The Republican leadership in the House of Representatives yesterday proposed allowing states to require drug tests for anyone receiving unemployment benefits. I’m not sure why they think that those who have had the misfortune of losing their jobs in these difficult economic times particularly need to be tested for the use of illegal substances. But if they’re gung ho for drug testing, it seems like we ought to be sharing the blood-drawing joy. I can think of plenty of places where it would be much more useful.
It seems far more important to the nation that members of the House of Representatives be free of the influence of reality-altering substances than unemployed people. After all, when members of Congress make decisions under the influence of hallucinogens, it affects the entire country. Your average unemployed person? Not so much. And truthfully, which group of Americans demonstrates more evidence of drug-induced behavior? If you have any doubts, take a look at the House Republicans’ budget proposals.
But why stop with members of Congress? There are others that have lots of power and hold their positions by virtue of taxpayer beneficence. Bankers come to mind. When Fortune magazine famously asked on its front cover, “What Were They Smoking?”, they were asking about the doyens of Wall Street, not the unemployed. Since few of those who destroyed the economy actually ended up unemployed, they wouldn’t be subject to the testing proposed by the House Republicans. It seems like they ought to be. Then maybe we’d have fewer unemployed people to start with.
Sure, we’d be sweeping up the good bankers with the bad ones—but I’ve got no reason to believe that bankers are less likely to be using narcotics than unemployed people. And the House Republicans have no problem taking their blood.
The other group that the country might benefit from having tested for drugs is the rich. After all, they’re the ones who can actually still afford premium narcotics. We know this is an important population to keep an eye on. For the more public of them—athletes, rockers, former child television stars—the evidence is in. Now I’m not saying every wealthy person should be subject to drug testing just because they’re wealthy. That would be class warfare. No, let’s just say that if you get a government subsidy through the tax code for a second vacation home, a corporate jet, a yacht, or any other way, then you are tested.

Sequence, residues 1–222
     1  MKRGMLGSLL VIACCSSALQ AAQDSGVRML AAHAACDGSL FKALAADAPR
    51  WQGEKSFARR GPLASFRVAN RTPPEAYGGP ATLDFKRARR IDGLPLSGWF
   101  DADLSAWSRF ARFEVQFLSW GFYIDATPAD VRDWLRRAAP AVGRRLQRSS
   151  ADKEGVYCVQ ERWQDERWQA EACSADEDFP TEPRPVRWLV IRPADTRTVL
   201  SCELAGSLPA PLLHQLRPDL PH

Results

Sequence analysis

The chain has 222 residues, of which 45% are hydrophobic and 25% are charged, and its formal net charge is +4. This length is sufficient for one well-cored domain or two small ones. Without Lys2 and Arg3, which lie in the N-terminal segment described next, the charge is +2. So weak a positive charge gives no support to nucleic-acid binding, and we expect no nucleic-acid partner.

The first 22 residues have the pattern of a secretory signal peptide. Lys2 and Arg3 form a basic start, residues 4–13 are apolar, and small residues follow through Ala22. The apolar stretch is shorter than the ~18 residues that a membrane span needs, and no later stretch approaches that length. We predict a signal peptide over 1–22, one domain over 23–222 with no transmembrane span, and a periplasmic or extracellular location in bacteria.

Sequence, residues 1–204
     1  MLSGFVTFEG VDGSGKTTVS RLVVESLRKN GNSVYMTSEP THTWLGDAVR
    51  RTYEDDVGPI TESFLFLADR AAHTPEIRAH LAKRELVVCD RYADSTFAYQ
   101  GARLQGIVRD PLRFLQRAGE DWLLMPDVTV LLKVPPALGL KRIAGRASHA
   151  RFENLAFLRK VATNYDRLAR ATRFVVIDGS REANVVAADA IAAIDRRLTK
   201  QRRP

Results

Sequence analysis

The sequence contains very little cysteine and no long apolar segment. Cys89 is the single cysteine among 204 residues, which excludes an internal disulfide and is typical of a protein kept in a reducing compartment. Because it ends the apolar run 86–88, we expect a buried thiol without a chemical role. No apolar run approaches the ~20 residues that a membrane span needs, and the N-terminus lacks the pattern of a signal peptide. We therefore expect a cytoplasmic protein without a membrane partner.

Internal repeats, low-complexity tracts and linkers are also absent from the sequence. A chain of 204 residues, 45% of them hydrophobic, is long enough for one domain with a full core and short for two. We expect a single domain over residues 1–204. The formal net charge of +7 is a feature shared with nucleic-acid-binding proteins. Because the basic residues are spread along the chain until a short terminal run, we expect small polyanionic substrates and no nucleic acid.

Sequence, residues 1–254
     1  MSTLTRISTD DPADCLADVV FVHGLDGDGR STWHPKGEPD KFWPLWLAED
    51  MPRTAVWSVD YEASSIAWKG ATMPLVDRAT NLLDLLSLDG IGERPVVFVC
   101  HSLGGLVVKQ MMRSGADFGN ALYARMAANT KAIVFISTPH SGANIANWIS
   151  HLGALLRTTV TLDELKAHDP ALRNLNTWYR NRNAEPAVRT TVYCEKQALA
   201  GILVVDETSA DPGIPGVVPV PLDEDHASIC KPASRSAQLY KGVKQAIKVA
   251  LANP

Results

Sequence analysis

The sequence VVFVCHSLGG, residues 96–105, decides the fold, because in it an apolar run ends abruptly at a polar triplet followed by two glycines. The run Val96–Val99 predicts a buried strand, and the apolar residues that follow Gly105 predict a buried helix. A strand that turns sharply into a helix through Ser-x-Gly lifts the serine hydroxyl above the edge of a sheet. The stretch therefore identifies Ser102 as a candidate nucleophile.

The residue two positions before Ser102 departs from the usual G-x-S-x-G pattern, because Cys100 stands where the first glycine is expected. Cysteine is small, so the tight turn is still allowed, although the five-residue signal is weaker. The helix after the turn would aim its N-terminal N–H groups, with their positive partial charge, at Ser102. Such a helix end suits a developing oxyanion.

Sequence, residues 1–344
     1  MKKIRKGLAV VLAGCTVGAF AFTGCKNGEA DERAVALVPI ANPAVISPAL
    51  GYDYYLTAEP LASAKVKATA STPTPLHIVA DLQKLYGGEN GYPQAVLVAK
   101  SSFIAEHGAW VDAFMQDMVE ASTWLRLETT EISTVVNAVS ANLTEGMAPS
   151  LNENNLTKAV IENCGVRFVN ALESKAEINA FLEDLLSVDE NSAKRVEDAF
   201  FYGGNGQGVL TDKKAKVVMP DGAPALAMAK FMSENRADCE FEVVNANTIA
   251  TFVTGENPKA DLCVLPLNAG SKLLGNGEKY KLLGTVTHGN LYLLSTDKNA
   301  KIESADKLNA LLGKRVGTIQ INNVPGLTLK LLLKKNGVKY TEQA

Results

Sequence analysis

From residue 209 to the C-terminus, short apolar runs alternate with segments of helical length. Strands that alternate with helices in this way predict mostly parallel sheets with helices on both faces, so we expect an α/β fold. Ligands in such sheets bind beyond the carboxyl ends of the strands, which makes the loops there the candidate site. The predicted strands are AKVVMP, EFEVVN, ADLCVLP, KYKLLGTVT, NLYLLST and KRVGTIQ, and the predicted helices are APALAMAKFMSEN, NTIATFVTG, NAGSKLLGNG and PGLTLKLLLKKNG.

This seems entirely sensible. When the House Republicans aren’t trying to drug test the unemployed, they’re trying to throw money at the wealthy in the hope that they’ll create some jobs. The results haven’t been very good but still, the wealthy aren’t going to create many jobs if they’re smoking unauthorized substances, staring off into space, listening to Phish, and yammering on about whether there could be a planet where water flows uphill.
So kudos to the House Republican leadership. They’ve hit on the key to restoring good governance and getting the economy back on track: drug testing. Why didn’t we think of this sooner?
About the author: Michael Ettlinger is Vice President for Economic Policy at the Center for American Progress.
This article was published by the Center for American Progress.